Jim Ragless explained: ‘ADC was actually part of the remnants of the Vauxhall Engineering Department after GM had moved all car engineering to Germany and then closed down Bedford.’
The Scout came about in 1991 and Rover had no part in ADC’s original conception of this fascinating range of six Metro-based, multi-purpose vehicles. Called the Scout project, all six versions used the same basic bodystyle, based on the five-door Metro, but with a more upright tailgate and correspondingly larger (and taller) rear side window.
Showcasing ADC’s talent
Jim Ragless recalled: ‘Rover did not commission the Scout, it was conceived and built by ADC as a showcase of our concept, design and build capabilities for the Automotive Engineering Show at the NEC. The original idea was a possible evolution of the Metro range with more space, more utility and easier entry-exit to the back seats.’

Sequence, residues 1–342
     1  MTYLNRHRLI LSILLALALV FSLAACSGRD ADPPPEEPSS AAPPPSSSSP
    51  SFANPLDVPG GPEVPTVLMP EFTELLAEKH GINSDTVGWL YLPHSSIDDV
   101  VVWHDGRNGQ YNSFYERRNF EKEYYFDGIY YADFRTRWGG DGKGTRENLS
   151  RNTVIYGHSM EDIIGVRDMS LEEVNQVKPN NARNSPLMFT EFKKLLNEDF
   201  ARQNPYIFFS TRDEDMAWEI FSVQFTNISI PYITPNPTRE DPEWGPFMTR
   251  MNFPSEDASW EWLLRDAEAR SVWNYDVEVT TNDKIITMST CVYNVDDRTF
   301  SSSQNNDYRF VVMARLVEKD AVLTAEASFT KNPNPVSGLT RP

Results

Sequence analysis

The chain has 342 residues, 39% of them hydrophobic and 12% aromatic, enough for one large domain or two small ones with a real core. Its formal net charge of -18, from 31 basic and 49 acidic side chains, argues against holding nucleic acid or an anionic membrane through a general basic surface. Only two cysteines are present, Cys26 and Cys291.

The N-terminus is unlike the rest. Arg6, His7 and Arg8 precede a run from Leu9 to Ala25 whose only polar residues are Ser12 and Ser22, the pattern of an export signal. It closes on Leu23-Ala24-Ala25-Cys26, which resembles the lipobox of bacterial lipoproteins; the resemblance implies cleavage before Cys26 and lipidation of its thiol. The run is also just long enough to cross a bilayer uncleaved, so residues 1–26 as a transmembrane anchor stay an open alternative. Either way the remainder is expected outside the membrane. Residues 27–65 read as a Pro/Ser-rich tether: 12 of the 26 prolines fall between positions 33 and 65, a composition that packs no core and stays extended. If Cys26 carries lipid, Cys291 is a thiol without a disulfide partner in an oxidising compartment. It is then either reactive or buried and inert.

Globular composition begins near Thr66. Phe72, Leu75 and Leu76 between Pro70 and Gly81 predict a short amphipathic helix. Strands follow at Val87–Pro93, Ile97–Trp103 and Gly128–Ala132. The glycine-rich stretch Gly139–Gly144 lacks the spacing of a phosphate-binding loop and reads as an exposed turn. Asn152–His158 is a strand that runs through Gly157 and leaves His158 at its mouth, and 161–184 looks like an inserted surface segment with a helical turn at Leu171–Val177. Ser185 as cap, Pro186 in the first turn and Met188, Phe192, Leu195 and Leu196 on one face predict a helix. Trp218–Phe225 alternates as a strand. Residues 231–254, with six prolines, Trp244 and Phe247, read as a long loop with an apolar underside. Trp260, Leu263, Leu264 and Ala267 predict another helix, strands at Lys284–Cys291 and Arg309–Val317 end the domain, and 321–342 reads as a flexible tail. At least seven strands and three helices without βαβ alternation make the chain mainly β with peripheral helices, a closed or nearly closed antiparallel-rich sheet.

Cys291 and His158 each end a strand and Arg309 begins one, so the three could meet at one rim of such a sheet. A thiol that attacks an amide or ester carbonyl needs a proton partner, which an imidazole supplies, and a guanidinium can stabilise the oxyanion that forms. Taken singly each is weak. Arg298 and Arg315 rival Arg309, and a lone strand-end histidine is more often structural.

However, the soft-roader theme came later. Jim continued: ‘Somewhere along the way the idea of active lifestyle and mini-utility vehicle styling cues came in too. We showed it with cycle racks and mountain bikes and a fitted picnic set in the back. In some ways maybe it was one forerunner of the mini-SUVs and small people carriers.’
Rover’s involvement was fleeting and brief. ‘Rover was interested enough in what we were thinking about to provide the donor car,’ Jim said. Not enough to pursue the project, though.
The fate of the car after that was interesting too. “After the NEC show Ford also borrowed it for a while to examine, and I think they used it in a customer clinic…”
The Scout family